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What did lawmakers do for Texas school children? Join the Legislature’s education chairs for a recap

Rep. Harold Dutton and Sen. Larry Taylor will discuss how new laws could affect students and teachers.

By Talia Richman

Rep. Harold Dutton and Sen. Larry Taylor
The Texas Senate meets for about an hour and a half during the first called special session on July 8, 2021. (Bob Daemmrich / Bob Daemmrich/CapitolPressPhoto)

Texas lawmakers focused much of the legislative session on conservative culture war issues related to education, including what teams transgender student athletes should play on and how to curb “critical race theory” in the classroom.

But they also tackled more bread-and-butter subjects such as maintaining school funding levels, the high stakes of standardized testing and the distribution of billions in federal aid to help combat COVID-19 learning loss.

On Tuesday, the chairmen of the House and Senate education committees will delve into the Legislature’s recent actions. Eva-Marie Ayala, The Dallas Morning News Education Lab editor, will moderate the discussion.

Rep. Harold Dutton, D-Houston, and Sen. Larry Taylor, R-Friendswood, will discuss how new education policies will translate into school communities and the reverberations that children — especially students of color and those from low-income backgrounds — will feel.

The two will also discuss what the failure of some key legislation means for families and educators. The expansion of virtual learning, an issue championed by Taylor, died in the final hours of the session and meant many districts having to scrap plans to continue remote classes next school year.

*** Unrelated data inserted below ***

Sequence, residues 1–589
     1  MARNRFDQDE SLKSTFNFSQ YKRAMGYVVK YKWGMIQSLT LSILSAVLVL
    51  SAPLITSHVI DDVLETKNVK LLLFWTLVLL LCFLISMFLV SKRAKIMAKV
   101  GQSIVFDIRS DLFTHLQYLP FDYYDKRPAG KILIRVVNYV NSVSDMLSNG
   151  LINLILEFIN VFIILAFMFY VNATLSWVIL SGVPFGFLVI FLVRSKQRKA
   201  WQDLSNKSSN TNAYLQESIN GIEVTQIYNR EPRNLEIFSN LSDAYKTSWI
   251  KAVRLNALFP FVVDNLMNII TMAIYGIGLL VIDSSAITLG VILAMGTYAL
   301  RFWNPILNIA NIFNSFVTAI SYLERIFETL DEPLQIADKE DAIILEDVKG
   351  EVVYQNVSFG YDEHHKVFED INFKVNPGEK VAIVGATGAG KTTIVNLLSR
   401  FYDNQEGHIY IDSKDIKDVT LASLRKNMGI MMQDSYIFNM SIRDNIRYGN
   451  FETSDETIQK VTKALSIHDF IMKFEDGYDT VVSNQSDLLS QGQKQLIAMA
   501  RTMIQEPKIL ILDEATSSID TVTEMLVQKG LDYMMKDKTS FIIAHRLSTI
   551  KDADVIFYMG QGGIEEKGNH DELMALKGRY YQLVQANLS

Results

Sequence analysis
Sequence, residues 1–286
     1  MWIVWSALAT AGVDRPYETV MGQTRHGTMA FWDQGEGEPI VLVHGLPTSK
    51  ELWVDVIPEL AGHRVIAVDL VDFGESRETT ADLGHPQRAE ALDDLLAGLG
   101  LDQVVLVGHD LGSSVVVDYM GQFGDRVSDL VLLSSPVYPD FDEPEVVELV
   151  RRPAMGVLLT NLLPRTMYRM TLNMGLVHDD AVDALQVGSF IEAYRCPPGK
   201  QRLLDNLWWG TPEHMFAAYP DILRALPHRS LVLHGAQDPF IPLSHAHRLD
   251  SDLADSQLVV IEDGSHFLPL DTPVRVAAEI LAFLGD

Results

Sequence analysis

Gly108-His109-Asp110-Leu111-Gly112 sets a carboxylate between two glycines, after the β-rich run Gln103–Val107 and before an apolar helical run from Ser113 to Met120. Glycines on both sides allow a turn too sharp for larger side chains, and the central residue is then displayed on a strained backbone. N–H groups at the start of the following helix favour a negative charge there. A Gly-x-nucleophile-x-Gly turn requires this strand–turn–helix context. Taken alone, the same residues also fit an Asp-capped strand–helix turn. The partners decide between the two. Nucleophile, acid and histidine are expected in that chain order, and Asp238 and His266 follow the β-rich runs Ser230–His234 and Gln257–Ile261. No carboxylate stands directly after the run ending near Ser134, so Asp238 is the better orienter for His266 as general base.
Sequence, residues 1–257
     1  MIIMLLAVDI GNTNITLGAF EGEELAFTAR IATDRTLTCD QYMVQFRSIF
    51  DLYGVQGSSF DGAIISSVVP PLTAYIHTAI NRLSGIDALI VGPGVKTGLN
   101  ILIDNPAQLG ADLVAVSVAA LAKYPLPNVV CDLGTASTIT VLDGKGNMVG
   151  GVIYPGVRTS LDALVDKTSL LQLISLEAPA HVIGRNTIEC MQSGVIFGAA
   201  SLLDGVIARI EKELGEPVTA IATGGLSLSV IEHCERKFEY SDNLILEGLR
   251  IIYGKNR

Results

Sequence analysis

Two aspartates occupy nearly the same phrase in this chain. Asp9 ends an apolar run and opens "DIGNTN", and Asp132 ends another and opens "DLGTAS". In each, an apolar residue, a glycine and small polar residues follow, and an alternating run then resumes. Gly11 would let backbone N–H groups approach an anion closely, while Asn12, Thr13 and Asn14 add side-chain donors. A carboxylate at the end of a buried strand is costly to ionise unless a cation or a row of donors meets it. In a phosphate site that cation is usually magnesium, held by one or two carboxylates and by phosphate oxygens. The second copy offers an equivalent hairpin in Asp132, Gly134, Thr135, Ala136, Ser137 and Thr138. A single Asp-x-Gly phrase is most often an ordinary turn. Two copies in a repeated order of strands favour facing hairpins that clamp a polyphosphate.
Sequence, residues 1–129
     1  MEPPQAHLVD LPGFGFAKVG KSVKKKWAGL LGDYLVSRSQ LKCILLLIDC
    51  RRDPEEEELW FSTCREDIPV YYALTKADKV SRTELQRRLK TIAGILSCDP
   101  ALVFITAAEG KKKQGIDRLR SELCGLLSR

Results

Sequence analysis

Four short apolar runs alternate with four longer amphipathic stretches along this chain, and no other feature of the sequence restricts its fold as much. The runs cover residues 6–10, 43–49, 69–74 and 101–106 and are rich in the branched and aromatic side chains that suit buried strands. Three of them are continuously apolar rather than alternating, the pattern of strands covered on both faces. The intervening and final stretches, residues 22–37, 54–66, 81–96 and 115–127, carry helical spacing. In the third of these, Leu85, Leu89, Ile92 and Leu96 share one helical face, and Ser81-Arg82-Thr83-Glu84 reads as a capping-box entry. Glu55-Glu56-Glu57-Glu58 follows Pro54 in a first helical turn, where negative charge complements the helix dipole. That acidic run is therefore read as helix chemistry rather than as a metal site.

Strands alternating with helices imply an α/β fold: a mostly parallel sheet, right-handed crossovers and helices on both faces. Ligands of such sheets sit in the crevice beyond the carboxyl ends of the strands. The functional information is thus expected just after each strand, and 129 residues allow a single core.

Meanwhile, many education and civic advocates are watching lawmakers’ moves during the special session that just began.

They worry that the new “anti-critical race theory” law will have a chilling effect on educators’ efforts to have honest conversations about race and racism. The law could become stricter, as Gov. Greg Abbott put the issue on the special session agenda along with further debate over transgender athletes.

The event will also feature information on early childhood education, school funding and how teachers can make their lessons inclusive.

Students, families, educators and advocates are invited to join the virtual event, which will be from 6 to 7:30 p.m.

Those interested can register here:

The DMN Education Lab deepens the coverage and conversation about urgent education issues critical to the future of North Texas.

The DMN Education Lab is a community-funded journalism initiative, with support from The Beck Group, Bobby and Lottye Lyle, Communities Foundation of Texas, The Dallas Foundation, Dallas Regional Chamber, Deedie Rose, The Meadows Foundation, Solutions Journalism Network, Southern Methodist University and Todd A. Williams Family Foundation. The Dallas Morning News retains full editorial control of the Education Lab’s journalism.

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